Disappointed in its choice to buy 23andMe, investors have dumped VG Acquisition (NYSE:VGAC) shares en masse. After hitting a high above $18, in the weeks following its announcement of the merger candidate, shares of VGAC stock have pulled back about 41%.
Now at $10.74 per share, this special purpose acquisition company (SPAC) is getting back close to its initial offering price of $10. But, while investors aren’t excited about this deal, I’m taking the opposite view.
Why? As I’ve said before, 23andMe is already a solid business. And, with its expansion into consumer health, it has ample room for growth.
It’s hard to see this from the financial statements alone. That’s part of why so many investors seem uninterested in this opportunity. But use that to your advantage. With the market’s incorrect sentiments about VGAC stock holding it down, you can enter a position today at an unbeatable price.
Yes, shares could continue to slide in the near-term. But as sentiment shifts and investors appreciate its potential to disrupt the healthcare space, expect shares to bounce back in a big way.
VGAC Stock: This Merger Is More Than Meets the Eye
Why are investors not liking the proposed deal? Well, there are two reasons.
First, they didn’t like that this blank-check company went with this particular merger target. The expected candidate was another company affiliated with the SPAC’s sponsor.
Second, the deal’s valuation is troubling. At first glance, it looks as if VG Acquisition is paying top dollar for a declining business. Even at today’s prices, the deal’s pro-forma equity value is about $4.5 billion. Subtract the cash proceeds and the combined company has an implied enterprise value of around $3.5 billion (Page 37).
Compared to 2021 estimated revenue of $218 million, that’s about a 16 times sales multiple (Page 34). Other SPACs may command similar valuations — for example, electric vehicle SPACs. But, with the company shifting focus in the past few years, recent results leave the impression that this isn’t a growth story anymore.
However, this is a short-sided view. Yes, 23andMe’s direct-to-consumer ancestry data business has matured. But that’s not the play going forward with VGAC stock, which is soon to be ME stock.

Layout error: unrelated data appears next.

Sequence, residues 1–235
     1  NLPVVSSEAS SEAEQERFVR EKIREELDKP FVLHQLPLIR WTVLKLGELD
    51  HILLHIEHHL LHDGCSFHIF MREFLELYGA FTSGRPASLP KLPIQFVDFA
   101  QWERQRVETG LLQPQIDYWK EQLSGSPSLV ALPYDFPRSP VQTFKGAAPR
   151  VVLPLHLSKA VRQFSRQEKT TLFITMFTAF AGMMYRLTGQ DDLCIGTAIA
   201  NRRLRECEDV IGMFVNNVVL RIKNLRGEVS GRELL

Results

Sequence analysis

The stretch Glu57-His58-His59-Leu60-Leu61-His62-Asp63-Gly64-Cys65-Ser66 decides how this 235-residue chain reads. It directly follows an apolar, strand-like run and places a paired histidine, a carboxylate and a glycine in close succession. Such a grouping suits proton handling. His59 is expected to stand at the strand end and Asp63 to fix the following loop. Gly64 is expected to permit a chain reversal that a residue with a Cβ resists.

What is the play? The company’s future as a provider of what it calls “personalized healthcare at scale.”
As a Healthcare Play, This Is an Exciting Opportunity
To appreciate the potential here, you have to look beyond this company’s past and present business.
Building itself into a major provider of genetic testing for ancestry data was just the first step. With over 10 million genotypes, the company already has a treasure trove of user data. In other words, an asset that’s hard to quantify on a balance sheet.
This “asset” may not jump out at you when you are looking at the financials. But it could help drive massive growth in the coming years — be it from upselling health-related genetic information to these existing customers or from using it as a low-cost customer-acquisition vehicle.
And the potential revenue growth isn’t just limited to the direct-to-consumer space. 23andMe has also figured out how to leverage this data into other opportunities in healthcare, like the strategic collaboration it forged with a major pharmaceutical company back in 2018.
In short, the company has many ways to drive growth in the coming years. Its 2024 projection of $400 million in revenue looks more than attainable. Yet, don’t think that’s where growth will hit a wall. Targeting healthcare, it’s going after a much larger total addressable market. This means plenty of runway for 23andMe and VGAC stock — beyond the projections three years out.
Bottom Line: Buy on Today’s Weakness
23andMe built up a solid business with its initial focus on ancestry data. But, its expansion into health is what’s going to move the needle. From its existing operations, the company has big potential to expand its customer base. And its growing data library means even more revenue opportunities, including more pharma partnerships.
Right now, instead of appreciating this long-term potential, investors are splitting hairs over the near-term. In a way, that’s odd. Investors seem more-than-willing to bid up other SPACs based on projections alone.
So, most folks are getting the “story” here wrong. But that’s why this is such a great opportunity. Misunderstanding has pushed VGAC stock down to a fantastic entry point. Yes, shares could continue to pullback — perhaps even below the $10 per share offering price. On the other hand, though, it’s possible that more people could start seeing the potential here. That could drive the stock back toward prior highs.
Bottom line? Don’t miss the chance to get into this name ahead of the 23andMe merger. Seize the opportunity below $11 and buy VGAC on today’s weakness.
On the date of publication, neither Matt McCall nor the InvestorPlace Research Staff member primarily responsible for this article held (either directly or indirectly) any positions in the securities mentioned in the article.
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